Deep Roots

The stories of climate change and sea-level rise are written in the rocky shores and beaches of Nova Scotia’s Atlantic Coast. The eroded headlands and glacial till have created the migrating sand platforms, our beaches, and marshes. Drowned bays, coves, and inlets, cobble storm berms, rock ridges, and cliffs all stretch along the length of the Eastern and South Shores.

Owls Head has long been recognized as a “representative” coastal landscape, first as a candidate National Park component, then as a survivor of the community battles to emerge as a Provincial Natural Environment Park component of the Eastern Shore Seaside Park System.

Owls Head Provincial Park is an important public resource, a representative, coastal landscape with a globally rare plant community and 45 years of protected status – a protected status with deep roots.

Christopher Trider

For the next 45 years it was included in every park and wilderness area plan, in the 100 Wild Islands initiative, always protected in a quiet sense while researched carefully for its unique flora. Years of recognition, respect, an undisturbed public park land, an important coastal habitat, ancient biodiversity spared by its location and geography and the good stewardship of a community.

Enter those with visions of coastal golf courses, a few get-togethers behind closed doors, a plan hatched to strip the protected status, remove the history, denigrate the ecological significance, line a few pockets, get the “community” on their side, dollar signs dancing in front of their eyes.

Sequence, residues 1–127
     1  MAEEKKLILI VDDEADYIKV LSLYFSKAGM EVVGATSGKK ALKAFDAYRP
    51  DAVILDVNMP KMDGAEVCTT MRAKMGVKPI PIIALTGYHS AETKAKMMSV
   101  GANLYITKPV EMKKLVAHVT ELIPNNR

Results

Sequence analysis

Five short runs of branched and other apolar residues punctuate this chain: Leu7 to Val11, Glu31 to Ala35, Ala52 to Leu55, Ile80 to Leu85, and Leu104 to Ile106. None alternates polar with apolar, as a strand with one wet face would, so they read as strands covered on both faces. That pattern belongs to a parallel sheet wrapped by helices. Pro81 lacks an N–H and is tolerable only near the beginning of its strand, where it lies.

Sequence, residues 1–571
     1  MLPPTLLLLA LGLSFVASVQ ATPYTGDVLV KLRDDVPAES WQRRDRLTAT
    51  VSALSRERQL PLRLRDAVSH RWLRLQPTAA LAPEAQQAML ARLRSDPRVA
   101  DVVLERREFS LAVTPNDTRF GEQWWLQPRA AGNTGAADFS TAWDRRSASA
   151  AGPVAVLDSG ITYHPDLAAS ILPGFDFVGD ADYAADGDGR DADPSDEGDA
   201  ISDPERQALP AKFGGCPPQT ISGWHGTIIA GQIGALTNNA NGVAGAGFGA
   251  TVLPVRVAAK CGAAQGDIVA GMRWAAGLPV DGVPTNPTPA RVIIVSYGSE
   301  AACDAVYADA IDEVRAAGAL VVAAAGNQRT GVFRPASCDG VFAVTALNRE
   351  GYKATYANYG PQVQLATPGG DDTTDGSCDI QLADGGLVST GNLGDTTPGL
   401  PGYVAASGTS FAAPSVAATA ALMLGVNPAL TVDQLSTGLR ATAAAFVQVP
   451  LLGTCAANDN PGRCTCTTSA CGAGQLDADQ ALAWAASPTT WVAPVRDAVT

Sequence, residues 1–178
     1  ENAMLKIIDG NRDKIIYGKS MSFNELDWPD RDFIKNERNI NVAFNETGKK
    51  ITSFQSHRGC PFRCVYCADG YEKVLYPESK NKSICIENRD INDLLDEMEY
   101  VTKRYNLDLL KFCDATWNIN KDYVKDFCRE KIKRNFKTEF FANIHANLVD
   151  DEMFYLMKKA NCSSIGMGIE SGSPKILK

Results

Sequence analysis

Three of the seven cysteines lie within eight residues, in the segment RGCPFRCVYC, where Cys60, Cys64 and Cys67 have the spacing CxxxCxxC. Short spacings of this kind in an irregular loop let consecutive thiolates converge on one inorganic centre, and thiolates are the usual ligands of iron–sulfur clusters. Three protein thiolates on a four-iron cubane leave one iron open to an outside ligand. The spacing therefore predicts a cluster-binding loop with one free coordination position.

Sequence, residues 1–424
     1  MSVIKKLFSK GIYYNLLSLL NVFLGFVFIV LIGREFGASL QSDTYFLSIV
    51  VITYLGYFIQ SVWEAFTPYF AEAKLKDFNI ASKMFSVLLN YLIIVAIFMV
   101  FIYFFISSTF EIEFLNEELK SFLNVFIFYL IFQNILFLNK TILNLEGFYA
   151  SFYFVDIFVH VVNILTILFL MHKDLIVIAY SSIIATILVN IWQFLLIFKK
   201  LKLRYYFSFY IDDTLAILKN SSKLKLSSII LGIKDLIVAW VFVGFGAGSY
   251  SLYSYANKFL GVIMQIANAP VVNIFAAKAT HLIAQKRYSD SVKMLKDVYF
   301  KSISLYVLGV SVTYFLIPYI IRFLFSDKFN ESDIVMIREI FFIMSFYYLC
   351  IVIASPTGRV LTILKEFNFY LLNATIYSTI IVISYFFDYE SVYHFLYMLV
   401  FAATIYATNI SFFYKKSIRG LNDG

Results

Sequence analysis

At some point, a true public servant sees this deceit and says “this is wrong.” He or she calls the CBC, who does the research. The secret deal is revealed, the betrayal of 45 years of public trust, of well-grounded assumptions of protection based on the historical record, public commitments, government policy, and the science of biodiversity and habitat loss… All swept away in a display of arrogance and defiance.

And here we are, angry, sad, disillusioned in our provincial government since they would act in this manner. Sad and frustrated that they would lie, lie, lie to the public. They did not need to remove Owls Head Provincial Park from the list of Protected Areas. They didn’t need to deny its history, ignore their own staff’s direction and input, ignore transparency, proper procedure, and public consultation.

Why the deceit? Why the deception? Probably because they know it is wrong – a violation of their oath and responsibilities as elected representatives. Maybe now they are too embarrassed to reveal the truth. What are they hiding?

The truth is that Owls Head Provincial Park is an important public resource, a representative, coastal landscape with a globally rare plant community and 45 years of protected status – a protected status with deep roots. Deeper than the roots of the golf course fairways and greens that are meant to destroy Owls Head for the benefit of the wealthy few.

Stop the sale, Save Owls Head.

Christopher Trider

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